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What is return in JavaScript

Understanding the Concept of 'Return' in JavaScript

When you're first learning to code, JavaScript can seem full of complex terms that can be hard to understand. One of these terms is 'return'. While it might seem intimidating, 'return' is actually quite a simple concept.

The Basic Function of 'Return'

In JavaScript, 'return' is used in a function to stop the execution of that function and send a value from that function back to where it was called. To put it simply, 'return' is like the messenger in a game of telephone. It takes the result from the function, and it delivers it back to wherever the function was called from.

For example, let's say we have a function that adds two numbers together.

function addNumbers(num1, num2) {
  let sum = num1 + num2;
  return sum;

In this case, the 'return' statement is taking the result of num1 + num2 and sending it back to wherever the function addNumbers was called.

How 'Return' Works in Practice

Let's delve a little deeper into how 'return' works. When a function is called, the browser will jump to that function and run it. When it hits a 'return' statement, it will immediately stop running the function and jump back to where it came from.

For example, let's look at another simple function:

function sayHello(name) {
  return "Hello, " + name;


When the browser hits console.log(sayHello("Alice")), it sees that it needs to run the sayHello function. It jumps to that function, runs it with name equal to "Alice", and then hits the 'return' statement. It then takes "Hello, Alice" and jumps back to the console.log statement, replacing sayHello("Alice") with "Hello, Alice". The console then logs "Hello, Alice" as you would expect.

The Importance of 'Return'

You might be wondering why 'return' is necessary. Can't we just use console.log instead? The answer is that while console.log is useful for debugging and seeing what your code is doing, 'return' is actually how functions give results.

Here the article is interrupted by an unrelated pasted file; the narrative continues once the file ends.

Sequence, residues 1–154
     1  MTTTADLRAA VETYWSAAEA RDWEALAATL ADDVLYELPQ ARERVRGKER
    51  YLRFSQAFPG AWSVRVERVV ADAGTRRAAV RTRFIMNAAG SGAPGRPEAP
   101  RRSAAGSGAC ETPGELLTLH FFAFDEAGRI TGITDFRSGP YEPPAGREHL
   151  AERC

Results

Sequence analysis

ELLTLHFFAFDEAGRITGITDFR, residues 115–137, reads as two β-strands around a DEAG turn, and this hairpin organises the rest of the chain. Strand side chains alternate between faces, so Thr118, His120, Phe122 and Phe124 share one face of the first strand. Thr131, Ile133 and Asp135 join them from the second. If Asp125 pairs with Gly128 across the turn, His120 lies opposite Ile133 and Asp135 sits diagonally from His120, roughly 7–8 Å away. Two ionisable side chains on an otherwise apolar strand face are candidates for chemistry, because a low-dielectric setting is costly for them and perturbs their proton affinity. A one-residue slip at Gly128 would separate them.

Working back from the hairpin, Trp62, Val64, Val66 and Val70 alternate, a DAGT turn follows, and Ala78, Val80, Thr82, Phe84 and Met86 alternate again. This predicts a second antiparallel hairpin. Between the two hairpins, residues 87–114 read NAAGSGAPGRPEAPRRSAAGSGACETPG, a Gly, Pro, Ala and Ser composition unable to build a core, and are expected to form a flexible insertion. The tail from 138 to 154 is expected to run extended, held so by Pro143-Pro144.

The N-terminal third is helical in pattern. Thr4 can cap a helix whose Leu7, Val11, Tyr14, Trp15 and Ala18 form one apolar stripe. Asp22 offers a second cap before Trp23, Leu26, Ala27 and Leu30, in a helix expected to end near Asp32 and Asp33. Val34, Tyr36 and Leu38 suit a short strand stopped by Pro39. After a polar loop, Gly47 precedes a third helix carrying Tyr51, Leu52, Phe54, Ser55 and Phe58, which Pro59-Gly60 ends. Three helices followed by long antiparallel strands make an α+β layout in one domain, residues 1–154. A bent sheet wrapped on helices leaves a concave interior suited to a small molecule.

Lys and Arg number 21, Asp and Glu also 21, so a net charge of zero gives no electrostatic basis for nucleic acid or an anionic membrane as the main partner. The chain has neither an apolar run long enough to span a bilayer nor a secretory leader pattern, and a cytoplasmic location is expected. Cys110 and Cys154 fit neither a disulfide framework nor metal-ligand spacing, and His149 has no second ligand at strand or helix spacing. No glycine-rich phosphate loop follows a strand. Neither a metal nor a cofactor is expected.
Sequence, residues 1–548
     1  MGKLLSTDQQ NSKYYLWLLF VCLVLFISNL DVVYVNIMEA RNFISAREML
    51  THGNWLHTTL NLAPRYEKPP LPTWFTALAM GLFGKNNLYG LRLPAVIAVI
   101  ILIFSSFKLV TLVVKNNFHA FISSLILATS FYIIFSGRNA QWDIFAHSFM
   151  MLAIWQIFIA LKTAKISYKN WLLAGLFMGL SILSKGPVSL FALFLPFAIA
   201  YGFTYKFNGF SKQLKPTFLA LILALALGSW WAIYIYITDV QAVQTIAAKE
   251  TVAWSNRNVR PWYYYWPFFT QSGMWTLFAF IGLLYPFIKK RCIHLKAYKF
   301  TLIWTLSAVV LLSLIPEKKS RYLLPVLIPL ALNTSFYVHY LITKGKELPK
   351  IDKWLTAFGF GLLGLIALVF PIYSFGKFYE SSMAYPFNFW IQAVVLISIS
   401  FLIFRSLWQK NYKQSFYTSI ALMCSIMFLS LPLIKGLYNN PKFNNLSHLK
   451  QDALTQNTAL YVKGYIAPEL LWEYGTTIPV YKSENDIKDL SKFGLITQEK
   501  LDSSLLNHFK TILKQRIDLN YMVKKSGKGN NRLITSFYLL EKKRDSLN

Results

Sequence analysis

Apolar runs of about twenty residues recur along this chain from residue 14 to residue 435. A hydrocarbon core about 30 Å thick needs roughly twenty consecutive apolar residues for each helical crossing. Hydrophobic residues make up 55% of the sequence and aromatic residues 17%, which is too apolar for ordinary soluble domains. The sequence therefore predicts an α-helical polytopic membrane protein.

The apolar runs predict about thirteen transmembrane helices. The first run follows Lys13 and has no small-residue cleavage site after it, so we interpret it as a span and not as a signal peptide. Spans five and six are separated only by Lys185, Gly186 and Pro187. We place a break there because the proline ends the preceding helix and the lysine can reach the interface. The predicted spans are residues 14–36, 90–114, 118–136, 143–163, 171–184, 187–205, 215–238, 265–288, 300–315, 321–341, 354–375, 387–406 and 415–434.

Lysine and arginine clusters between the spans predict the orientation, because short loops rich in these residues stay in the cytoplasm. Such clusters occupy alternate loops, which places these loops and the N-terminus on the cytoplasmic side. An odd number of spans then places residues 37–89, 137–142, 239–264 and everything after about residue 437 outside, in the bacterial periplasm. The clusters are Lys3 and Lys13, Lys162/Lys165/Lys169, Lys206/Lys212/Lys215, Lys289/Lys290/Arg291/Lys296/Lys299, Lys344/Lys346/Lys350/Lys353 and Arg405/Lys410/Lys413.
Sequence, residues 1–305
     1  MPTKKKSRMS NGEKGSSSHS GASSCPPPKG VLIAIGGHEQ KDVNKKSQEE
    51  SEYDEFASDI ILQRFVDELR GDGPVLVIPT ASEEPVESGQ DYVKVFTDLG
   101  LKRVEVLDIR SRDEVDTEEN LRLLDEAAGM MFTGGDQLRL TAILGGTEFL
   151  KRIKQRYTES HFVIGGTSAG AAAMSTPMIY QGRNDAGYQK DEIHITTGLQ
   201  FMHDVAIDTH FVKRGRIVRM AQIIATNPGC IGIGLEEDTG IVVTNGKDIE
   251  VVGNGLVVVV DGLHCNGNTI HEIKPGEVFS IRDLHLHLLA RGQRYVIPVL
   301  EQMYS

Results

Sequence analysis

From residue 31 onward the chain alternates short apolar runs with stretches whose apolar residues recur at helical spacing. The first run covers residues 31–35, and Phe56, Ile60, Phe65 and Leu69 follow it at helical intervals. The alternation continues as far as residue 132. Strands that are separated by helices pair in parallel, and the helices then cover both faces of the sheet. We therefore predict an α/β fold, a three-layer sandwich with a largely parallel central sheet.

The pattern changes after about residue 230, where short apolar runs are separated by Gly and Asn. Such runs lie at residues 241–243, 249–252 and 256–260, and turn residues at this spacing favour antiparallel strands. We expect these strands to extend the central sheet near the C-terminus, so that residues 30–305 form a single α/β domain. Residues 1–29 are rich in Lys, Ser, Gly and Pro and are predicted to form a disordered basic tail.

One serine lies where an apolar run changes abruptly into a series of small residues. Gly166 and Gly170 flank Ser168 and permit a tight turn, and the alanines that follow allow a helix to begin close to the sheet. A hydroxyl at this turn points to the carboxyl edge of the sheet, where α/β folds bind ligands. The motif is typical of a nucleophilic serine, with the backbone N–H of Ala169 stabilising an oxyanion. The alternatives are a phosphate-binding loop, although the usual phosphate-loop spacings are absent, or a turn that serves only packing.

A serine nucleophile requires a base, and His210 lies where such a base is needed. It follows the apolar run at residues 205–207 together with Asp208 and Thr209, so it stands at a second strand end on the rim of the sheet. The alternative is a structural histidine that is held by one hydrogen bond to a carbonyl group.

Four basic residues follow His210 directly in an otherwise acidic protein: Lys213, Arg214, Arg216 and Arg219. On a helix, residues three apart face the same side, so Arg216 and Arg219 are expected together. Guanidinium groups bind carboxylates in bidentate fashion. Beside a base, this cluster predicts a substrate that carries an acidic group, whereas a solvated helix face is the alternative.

If you were to replace 'return' with console.log in the previous function, console.log(sayHello("Alice")) would log the correct greeting, but it would also return undefined because console.log doesn't return anything.

function sayHello(name) {
  console.log("Hello, " + name);

console.log(sayHello("Alice")); // logs "Hello, Alice" and then "undefined"

On the other hand, when we use 'return' in our function, console.log(sayHello("Alice")) correctly logs "Hello, Alice", showing that our function is returning the expected result.


The 'return' keyword in JavaScript is like the courier of the programming world. It takes the result of a function and brings it back to the location where the function was called. Without 'return', we wouldn't be able to use functions to their full potential, and we'd have to rely on less reliable means of getting our results. Just like you wouldn't want to rely solely on word-of-mouth to get information, you wouldn't want to rely solely on console.log to get your results from functions. Remember, 'return' is your trusty steed, ready to deliver your results exactly where you need them.